Measuring nursing care in pediatric cardiac intensive care units

By Patricia A. Hickey, PhDJean Anne Connor DNSc, RN, CPNPChristine A. Lagrasta MS, RN, CPNP-PC/AC

Despite advances in practice, pediatric critical care nurses have been chal­lenged to design a workload tool that truly captures the skill and cognitive complexity required to deliver compre­hensive patient care. Prior efforts to cre­ate nursing workload tools have focused on adult intensive care patients and do not capture the current scope and com­plexity of pediatric critical care nursing. Information technology provides an effective, efficient means to overcome these limitations.

In 2009, efforts began in the Boston Children’s Hospital pediatric cardiac critical care unit to develop a tool that could qualify and quantify the complex assessment, monitoring and therapeu­tic interventions performed by nurses caring for cardiovascular patients. An expert panel of cardiac nurse clinicians developed a detailed description of the autonomous nature and comprehensive nursing management required for a complex pediatric cardiac popula­tion. The result is a tool called CAMEO: Complexity Assessment & Monitoring to Ensure Optimal Outcomes.

CAMEO monitors nursing activity in 19 domains of care (Figure 1). Each domain contains specific items of care, scored from basic to complex. To obtain an overall score, each activity is given a cognitive complexity value based on a scale from 1 to 5. The total score is calculated across the 19 domains of care and then classified as I-V in overall complexity of care.

To test the nursing CAMEO tool, information was gathered on 75 patients, from 1 day to 47 years old, who were admitted to the CICU for surgical recov­ery (86%) and/or medical intervention (14%). The data showed that the majority of patient care activities involved com­plicated elements. Standard intensive care monitoring of less than one hour was reported in 42% of patients. Vaso­active intravenous medication requiring titration was noted in 78% patients. Ven­tilated patients (72%) required a num­ber of interventions to maintain airway patency and acid-base balance as well as to achieve weaning goals.

Additional nursing activities were also identified and tracked, including care focused on teaching and anticipatory guidance to patients and families and coordination of services such as social work, case management, interpreter services, and clergy. Precepting new staff, quality monitoring, research data collection, clinical management plans and other regulatory documentation were also identified. Among the 75 patients, 80% met Class III or IV, with 7% categorized as Class V.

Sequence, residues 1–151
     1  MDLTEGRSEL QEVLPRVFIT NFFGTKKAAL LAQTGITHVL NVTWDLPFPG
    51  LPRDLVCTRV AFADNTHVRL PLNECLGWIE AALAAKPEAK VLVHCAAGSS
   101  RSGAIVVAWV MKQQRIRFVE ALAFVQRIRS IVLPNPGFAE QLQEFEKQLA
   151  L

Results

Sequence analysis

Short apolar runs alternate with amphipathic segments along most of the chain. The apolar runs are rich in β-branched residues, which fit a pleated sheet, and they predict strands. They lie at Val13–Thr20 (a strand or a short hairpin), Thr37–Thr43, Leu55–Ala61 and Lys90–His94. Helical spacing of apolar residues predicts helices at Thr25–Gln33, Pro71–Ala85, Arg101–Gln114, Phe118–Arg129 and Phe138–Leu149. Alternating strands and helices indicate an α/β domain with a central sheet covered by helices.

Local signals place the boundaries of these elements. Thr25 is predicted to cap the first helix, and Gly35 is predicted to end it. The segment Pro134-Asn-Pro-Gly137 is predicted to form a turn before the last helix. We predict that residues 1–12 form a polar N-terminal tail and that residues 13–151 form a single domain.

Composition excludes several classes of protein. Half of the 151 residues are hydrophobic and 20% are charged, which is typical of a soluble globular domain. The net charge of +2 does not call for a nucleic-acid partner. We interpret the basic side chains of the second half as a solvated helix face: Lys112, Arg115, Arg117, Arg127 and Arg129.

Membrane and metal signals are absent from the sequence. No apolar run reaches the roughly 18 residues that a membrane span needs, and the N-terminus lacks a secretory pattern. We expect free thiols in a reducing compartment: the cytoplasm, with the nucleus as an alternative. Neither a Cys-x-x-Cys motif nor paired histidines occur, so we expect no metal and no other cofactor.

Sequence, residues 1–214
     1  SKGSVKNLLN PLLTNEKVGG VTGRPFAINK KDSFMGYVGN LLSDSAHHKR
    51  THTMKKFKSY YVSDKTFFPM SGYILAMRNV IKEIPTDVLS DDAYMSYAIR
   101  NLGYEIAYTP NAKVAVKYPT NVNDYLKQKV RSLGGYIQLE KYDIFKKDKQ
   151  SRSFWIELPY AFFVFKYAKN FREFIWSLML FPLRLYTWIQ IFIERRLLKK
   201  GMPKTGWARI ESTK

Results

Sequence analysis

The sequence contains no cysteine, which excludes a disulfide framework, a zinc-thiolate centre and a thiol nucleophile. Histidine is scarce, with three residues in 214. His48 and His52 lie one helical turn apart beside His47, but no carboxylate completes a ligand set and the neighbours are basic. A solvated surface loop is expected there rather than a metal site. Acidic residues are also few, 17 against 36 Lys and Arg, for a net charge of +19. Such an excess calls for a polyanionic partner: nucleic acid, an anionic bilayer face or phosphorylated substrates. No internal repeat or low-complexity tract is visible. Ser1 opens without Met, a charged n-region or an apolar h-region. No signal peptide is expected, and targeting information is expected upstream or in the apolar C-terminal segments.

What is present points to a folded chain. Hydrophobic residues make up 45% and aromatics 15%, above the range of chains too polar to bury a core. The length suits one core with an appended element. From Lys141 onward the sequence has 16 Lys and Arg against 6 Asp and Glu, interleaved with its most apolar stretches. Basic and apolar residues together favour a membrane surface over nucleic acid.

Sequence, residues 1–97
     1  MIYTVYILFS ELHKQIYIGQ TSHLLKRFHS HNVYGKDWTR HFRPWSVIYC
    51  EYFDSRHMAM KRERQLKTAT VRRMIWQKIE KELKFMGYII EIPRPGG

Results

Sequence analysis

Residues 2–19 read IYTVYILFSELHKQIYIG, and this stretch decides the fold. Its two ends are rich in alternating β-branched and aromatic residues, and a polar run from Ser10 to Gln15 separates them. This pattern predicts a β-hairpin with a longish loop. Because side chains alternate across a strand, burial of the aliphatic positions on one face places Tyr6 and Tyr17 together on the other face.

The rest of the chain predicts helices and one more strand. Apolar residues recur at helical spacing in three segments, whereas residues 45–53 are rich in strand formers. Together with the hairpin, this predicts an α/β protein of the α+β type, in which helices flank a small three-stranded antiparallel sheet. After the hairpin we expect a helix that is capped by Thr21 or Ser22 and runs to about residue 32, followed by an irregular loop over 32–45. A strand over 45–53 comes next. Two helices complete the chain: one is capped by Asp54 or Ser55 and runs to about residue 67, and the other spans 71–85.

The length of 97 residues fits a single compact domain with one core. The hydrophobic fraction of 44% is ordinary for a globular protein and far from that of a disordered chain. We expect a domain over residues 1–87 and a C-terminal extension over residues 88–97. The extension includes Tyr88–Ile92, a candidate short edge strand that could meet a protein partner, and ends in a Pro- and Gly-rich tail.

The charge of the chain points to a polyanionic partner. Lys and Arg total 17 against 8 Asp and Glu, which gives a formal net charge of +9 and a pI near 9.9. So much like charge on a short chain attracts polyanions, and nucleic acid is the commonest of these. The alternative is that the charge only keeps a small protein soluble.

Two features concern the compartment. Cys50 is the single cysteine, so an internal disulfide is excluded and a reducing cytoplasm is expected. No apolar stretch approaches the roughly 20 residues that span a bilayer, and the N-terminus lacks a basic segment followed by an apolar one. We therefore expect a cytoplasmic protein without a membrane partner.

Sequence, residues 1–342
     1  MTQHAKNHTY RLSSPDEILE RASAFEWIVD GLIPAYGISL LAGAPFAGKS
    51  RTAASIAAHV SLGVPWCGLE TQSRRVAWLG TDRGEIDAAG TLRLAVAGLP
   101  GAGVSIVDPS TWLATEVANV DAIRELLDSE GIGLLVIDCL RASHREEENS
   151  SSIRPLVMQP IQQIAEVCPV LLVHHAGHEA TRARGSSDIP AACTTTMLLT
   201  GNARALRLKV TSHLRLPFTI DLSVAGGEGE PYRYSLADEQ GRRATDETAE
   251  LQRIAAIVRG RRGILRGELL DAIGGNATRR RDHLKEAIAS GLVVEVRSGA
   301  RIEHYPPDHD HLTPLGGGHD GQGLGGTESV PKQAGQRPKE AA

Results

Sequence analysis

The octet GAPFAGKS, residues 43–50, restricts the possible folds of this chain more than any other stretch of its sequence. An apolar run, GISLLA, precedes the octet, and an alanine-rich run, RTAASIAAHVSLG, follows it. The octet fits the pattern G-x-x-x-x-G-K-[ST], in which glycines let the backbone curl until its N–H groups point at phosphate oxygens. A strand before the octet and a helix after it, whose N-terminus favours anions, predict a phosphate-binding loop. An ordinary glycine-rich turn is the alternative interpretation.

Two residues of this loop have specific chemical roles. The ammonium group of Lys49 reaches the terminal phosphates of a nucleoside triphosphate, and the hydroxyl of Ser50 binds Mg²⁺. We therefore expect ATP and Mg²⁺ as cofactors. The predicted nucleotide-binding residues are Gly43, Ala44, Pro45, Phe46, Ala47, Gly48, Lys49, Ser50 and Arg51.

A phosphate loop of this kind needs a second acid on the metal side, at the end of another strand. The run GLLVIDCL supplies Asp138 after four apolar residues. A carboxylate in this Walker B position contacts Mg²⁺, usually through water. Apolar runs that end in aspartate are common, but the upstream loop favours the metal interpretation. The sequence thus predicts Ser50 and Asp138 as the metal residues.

Now, the CAMEO tool is moving from “proof of concept” to daily practice in the pediatric cardiac intensive care unit. Twice each day, the CAMEO is com­pleted electronically to provide frontline nursing staff with the ability to quantify nursing care based on the cognitive complexity required to maintain safe care practices and promote optimal healing. This real-time quantification of nursing resource use and benchmark­ing supports both the daily assessment needs of bedside clinicians and the needs of administrative leaders seek­ing to justify and support appropriate resource utilization.

CAMEO complements the “Tracking, Trajectory and Triggering” platform, also known as “T3.” A monitoring tool developed at Boston Children’s Cardiac Intensive Care Unit, T3 links data from bedside monitors keeping watch over a child and presents their readouts togeth­er, in context, on the same screen. T3 reduces “information overload” in the ICU and improves decision-making for doctors and nurses.

Further adaptation of the CAMEO to qualify and quantify nursing care has begun in the medical/surgical and neo­natal intensive care units, with the goal of having a complexity tool that cap­tures the practice of critical care nursing throughout all of Boston Children’s Hospital intensive care units. Develop­ment of a nursing CAMEO for step-down and general ward patients is already under way. CAMEO was/is funded by Boston Chil­dren’s Hospital, Program Patient Safety & Quality, 2009 and 2012, and supported by Boston Children’s Hospital Cardiac Intensive Care Unit.